Woyzeck Hodgson

Woyzeck

Woyzeck, The Old Vic, London, Saturday 20th May 2017 

We are on a roll. A seedy, sexually exploitative, and violent roll.

After the strangeness of The Goat and the threatening, unsettling atmosphere of The Homecoming, next up was Georg Buchner’s unfinished 1837 drama.

Close observers of the challenge may remember that Woyzeck appeared on the schedule of ‘found’ plays very early on, then disappeared from the list.

Let me explain why.

After successfully auditioning for a role in an amateur production, a friend of mine invited some family and friends, including me, to watch when it came around to opening night.

In between time, said friend read the rest of the play and decided she would feel rather uncomfortable performing some of the material in front of people she would have to look in the eye.

This was a very wise decision.

Billington described Woyzeck as a “bleeding torso left incomplete by Buchner’s death” at the age of 23. In place a definitive version of the text, we have 24 scenes of various length which broadly tell the story of a young soldier tormented by his own demons and the cruelties of society, who murders his own wife.

The incompleteness of the play leaves it open to constant reinterpretation. To draw on Billington again, it has “been claimed by everyone” and “provides open season for experimental directors”. Indeed, the Old Vic gave almost equal billing to its director as to its star. The posters boasted of John Boyega in the title role “in a new version by Jack Thorne.”

Boyega played his part well, spanning the spectrum from terrifying rage and babbling insanity at one extreme, through street philosopher in the scenes with his senior officer, all the way to sweet-hearted young lover trying to keep hold of his wife as much as his own mind.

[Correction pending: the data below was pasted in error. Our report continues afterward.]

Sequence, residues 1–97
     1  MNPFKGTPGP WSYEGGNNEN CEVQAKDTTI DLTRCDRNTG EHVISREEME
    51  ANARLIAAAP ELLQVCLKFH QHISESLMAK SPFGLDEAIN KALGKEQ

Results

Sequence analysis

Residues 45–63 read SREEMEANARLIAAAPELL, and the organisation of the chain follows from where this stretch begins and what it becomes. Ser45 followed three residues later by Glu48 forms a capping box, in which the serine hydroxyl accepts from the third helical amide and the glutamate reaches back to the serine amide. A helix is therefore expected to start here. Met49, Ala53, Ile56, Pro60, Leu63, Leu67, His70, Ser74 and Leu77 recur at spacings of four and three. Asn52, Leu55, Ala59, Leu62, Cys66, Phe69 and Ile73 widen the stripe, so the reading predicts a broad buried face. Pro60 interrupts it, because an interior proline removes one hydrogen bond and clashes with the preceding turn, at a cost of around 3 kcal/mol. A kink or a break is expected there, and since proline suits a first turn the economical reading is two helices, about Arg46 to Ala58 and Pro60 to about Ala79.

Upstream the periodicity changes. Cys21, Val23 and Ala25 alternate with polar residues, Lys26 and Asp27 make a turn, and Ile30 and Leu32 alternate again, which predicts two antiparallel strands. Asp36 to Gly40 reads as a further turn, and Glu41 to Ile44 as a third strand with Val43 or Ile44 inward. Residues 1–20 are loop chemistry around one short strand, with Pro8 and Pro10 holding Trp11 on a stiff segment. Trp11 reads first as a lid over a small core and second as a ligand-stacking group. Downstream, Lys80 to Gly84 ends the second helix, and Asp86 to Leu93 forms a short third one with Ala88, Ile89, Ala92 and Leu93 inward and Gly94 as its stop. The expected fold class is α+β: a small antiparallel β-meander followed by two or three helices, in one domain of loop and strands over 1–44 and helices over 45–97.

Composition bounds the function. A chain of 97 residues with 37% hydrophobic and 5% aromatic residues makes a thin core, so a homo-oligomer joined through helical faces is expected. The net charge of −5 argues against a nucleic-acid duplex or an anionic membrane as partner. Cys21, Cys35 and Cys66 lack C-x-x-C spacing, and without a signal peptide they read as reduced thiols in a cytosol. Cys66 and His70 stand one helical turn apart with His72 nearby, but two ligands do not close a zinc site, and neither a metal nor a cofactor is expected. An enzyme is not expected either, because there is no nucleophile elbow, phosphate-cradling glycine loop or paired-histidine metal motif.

The problem with the production as a whole was that there were so shocking moments, they started to lose impact. A scene of Woyzeck being abused mentally as a child is shortly followed by one in which he was the subject of medical experimentation (also featuring animal cruelty) as an adult.

We have full-front male nudity (oddly, I have now seen the same actor naked twice and this is only play 22 – if things continue at the same rate by the time I’ve seen all 101…), domestic violence, drug abuse, implied threat against a baby in a cot and, of course, the murder of Marie.

Theatre should always have the power to disturb, to make things strange you are forced to look at things again. Woyzeck sought to shock with almost every scene, I was rather inured to the effect by the end and unlike The Goat or The Homecoming have given the play little thought since.

 

 

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